2-210 To Bernard M. Baruch, June 29, 1940

Publisher: The Johns Hopkins University Press
Date: June 29, 1940

To Bernard M. Baruch

June 29, 1940 [Washington, D.C.]

My dear Mr. Baruch:

Thanks for your letter of June 25th, and the suggestions you were good enough to let me have. I have gone over them myself very carefully and have had them studied by a particularly able officer of the Staff.1

Up to the present moment I think there has been a reasonable synchronization of requirements in relation to the program. The estimates before Congress for planes that are carried in the approved appropriation bills, have included all the spare parts, the engines, and armament and ammunition that are needed for the planes. For some time I have been having one of my ablest people search out each of our programs like the foregoing, for bottle necks, and of course, heavy powders and fuses still give me a headache.

The tank program has carried armament with it. The bomb and explosives program has been greatly increased, not only for the additional planes, but for far more bombing by these planes than had been visualized heretofore. Again, of course, the time factor is the difficulty, and we are pressing very hard for corrections and improvements.

The contract for the powder plant has not yet been placed. We have been searching through the field for particular men to accomplish special purposes, but at the moment most of these men seem to fit in between a civilian (Knudsen-Stettinius) set-up, but we are going after some from the staff direct. We have already had some special advice and suggestions.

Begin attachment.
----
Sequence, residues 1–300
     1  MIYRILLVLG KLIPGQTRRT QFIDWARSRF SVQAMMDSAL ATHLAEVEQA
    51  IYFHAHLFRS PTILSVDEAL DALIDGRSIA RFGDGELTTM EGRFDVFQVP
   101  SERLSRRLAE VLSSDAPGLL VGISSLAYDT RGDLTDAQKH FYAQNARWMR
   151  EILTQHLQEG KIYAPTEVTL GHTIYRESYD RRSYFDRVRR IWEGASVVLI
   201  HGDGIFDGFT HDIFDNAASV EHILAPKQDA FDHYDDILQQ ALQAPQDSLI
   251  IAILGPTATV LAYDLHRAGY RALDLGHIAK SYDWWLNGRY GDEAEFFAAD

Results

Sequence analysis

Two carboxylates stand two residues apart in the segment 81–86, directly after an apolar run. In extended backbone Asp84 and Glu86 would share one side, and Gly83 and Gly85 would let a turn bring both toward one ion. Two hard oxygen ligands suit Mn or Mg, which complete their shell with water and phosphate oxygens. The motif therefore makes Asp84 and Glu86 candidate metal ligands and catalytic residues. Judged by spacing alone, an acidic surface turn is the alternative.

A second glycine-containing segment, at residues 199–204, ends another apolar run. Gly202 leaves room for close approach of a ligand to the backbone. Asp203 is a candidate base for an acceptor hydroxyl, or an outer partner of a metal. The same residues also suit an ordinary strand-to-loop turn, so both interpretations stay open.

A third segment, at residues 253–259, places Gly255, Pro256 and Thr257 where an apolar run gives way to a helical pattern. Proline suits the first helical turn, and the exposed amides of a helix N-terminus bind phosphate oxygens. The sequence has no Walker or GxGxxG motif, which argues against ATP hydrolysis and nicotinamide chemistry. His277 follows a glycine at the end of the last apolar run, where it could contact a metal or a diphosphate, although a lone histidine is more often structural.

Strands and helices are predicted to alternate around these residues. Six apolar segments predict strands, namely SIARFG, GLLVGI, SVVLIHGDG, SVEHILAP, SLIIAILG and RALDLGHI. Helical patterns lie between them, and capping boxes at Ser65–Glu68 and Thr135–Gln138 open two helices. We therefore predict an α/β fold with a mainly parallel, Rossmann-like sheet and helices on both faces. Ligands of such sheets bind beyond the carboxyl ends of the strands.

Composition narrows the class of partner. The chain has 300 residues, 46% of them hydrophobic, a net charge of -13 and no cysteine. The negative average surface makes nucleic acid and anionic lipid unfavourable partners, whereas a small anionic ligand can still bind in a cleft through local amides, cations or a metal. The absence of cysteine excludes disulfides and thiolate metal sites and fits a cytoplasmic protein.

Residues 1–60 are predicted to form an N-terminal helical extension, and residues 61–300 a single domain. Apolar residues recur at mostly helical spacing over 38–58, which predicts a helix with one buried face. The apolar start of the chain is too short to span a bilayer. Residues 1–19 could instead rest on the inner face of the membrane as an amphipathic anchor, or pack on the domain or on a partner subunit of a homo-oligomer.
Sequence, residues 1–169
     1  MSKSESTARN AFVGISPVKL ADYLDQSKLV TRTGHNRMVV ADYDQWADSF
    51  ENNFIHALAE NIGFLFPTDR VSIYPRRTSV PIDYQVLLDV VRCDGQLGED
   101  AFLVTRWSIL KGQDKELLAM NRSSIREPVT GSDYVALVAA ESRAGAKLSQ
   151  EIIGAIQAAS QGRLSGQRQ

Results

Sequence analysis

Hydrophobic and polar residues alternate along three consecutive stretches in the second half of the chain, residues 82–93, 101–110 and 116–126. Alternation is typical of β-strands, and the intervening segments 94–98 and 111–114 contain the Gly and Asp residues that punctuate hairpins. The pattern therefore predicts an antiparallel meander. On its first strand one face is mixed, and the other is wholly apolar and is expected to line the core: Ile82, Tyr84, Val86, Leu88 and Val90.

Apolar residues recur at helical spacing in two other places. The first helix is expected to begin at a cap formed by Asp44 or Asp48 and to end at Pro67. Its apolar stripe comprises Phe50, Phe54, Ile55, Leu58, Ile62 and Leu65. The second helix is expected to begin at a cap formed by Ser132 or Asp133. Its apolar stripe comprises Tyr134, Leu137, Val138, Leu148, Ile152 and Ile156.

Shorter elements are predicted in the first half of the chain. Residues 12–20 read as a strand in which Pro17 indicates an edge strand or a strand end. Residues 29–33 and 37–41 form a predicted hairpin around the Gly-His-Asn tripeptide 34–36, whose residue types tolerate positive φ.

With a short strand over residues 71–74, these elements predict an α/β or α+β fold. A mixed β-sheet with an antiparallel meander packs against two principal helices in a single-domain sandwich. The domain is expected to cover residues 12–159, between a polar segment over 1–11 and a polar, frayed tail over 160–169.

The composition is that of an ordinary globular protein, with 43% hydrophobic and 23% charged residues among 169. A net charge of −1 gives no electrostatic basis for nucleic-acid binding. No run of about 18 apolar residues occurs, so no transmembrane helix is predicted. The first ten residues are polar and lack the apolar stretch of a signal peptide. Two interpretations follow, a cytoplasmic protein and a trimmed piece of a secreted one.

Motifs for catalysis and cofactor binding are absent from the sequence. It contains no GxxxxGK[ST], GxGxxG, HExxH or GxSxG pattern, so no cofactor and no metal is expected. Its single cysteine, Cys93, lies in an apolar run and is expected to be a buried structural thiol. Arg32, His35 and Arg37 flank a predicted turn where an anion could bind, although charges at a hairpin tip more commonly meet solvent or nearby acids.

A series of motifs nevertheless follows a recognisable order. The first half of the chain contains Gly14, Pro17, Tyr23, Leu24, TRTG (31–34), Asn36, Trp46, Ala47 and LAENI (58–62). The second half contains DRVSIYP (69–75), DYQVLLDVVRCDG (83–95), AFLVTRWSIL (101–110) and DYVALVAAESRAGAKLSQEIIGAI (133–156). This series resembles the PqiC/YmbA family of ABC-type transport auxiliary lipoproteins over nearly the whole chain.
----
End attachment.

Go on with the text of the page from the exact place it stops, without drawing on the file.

Your suggestion that we get a conspectus of the program is excellent, and a start has been made; but there is still a lot of work that must be done along this line, which we will push as soon as the first rush of procurement by contract is over. This, as I see it, is primarily a General Staff function in coordination with the Assistant Secretary’s office.

A good many of your points pertain more directly to the Assistant Secretary’s office than they do to mine, but I am very glad to have your point of view.

I think the Research Committee recently appointed by the President is going to be an important receptacle for several of our problems, especially inventions, and I am having this investigated.2

As a matter of fact, my struggle at the moment has been to get appropriations and certain legislation through Congress without undue delay, to get Executive approval for certain actions, and get our General Staff data in up to date shape for outside agencies to work from,3 and, hardest of all, to meet the flood of suggestions, urgings, enthusiasms, etc. that are aimed at the War Department these weeks, and each of these from very powerful channels. My problem has been to keep our heads above the flood of these critical weeks, more particularly to prevent the emasculation of most of the plans we have in favor of what—to be brutally frank—are a series of superficialities. I have felt it of vital importance to do everything in my power to keep public confidence in the War Department, but it really has been extremely hard to do this when we were involved in turning down 1,000 schemes a day.